A grand entry in a consistently gripping and remarkable urban fantasy saga.


From the Inheritance series , Vol. 3

Two lovers discover new paranormal gifts and enemies in this third installment of a series.

Things seem to be looking up for Laurence Riley in San Diego, California. The god Herne the Hunter appears before him and tells him that, along with other abilities like precognition, Laurence is capable of magic. Actually learning magic will necessitate seeking out a man named Rufus Grant, whom Laurence first saw in a vision. Meanwhile, Laurence’s romantic relationship with British Earl Quentin d’Arcy has become decidedly more fervent. Unfortunately, the earl has an unwelcome encounter with his own father, the Duke of Oxford, who Quentin is convinced killed his mother. The duke demands his son return home, and Quentin, who has essentially been hiding out in the United States, suspects his father tracked him down via magic. Sadly, the duke’s presence casts a dark cloud over the lives of both lovers. Laurence subsequently has a glimpse of the past involving 5-year-old Quentin suffering his father’s abuse. The vision is so horrifying it nearly sends Laurence back to his heroin habit. Soon, Black Annis, a “blue-tinged” creature, threatens the youngsters with special abilities whom Quentin has befriended and cares for. Alarmingly, the creature vows to eat the children. In order to defeat Black Annis, Laurence will have to acquire a weapon from the Otherworld, a place outside of the mortal realm. But as he can only use the weapon for a specific purpose, Laurence must resist the temptation to slay both the blue-tinged creature and Quentin’s depraved father with it.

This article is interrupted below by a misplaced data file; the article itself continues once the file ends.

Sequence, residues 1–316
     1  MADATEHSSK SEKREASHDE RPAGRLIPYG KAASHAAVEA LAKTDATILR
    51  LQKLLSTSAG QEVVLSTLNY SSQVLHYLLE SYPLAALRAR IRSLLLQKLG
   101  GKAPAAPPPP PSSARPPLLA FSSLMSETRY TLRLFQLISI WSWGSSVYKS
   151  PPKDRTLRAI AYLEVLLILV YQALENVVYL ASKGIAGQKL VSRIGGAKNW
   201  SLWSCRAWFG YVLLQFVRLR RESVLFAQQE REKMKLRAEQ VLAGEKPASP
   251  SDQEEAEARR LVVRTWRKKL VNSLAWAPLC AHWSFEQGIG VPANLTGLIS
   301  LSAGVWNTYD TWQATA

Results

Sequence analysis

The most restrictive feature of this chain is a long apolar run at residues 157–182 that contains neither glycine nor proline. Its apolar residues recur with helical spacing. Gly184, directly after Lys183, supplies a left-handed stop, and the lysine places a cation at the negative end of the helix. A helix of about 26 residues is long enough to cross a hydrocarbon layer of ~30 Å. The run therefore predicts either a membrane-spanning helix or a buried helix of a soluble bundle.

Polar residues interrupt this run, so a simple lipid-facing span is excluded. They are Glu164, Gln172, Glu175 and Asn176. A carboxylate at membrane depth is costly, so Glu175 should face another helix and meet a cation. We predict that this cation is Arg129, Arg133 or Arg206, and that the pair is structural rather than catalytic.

Faulkner (Knight of Flames, 2019, etc.) excels at creating individual stories within a cohesive urban fantasy series arc. For example, this book spotlights Quentin’s frayed connection to his father. But earlier installments had teased this with Quentin’s outburst at his mother’s funeral (which Laurence also sees in a vision in this story) and the earl’s scars, courtesy of the duke. As in the preceding novel, the couple’s relationship and shared intimacy show progress, having begun with virginal Quentin’s hesitancy. This time their scenes are unmitigated erotica, as they’re much more explicit than before. The author beefs up the pages with characters from folklore (including Black Annis) while Laurence’s trek through the Otherworld features a few recognizable faces (and objects) from Arthurian legend. Despite the story’s overall grimness, there are occasional lighter touches, like periodic appearances of the couple’s loyal dogs, Pepper and Grace. Similarly, Herne’s gift to Laurence is a raven egg. The resultant “bald little pink baby” raven, named Windsor, is like a child, as Laurence regularly feeds him and sometimes needs others to birdsit. Eventually, the raven, Laurence’s familiar, will be able to relay messages to the god. Readers anticipating the author’s knack for indelible prose won’t be disappointed: Laurence “lowered his hand to the pendant as he spoke the final word, and the universe became a vacuum….His life flashed from heart to fingertips, and he saw whorls of green flow from his fingers and into the pentagram.”

A grand entry in a consistently gripping and remarkable urban fantasy saga.

Pub Date: Oct. 1, 2019

ISBN: 978-1-912349-13-5

Page Count: 380

Publisher: Ravensword Press

Review Posted Online: Jan. 14, 2020

Kirkus Reviews Issue: March 15, 2020

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The phrase “tour de force” could have been invented for this audacious novel.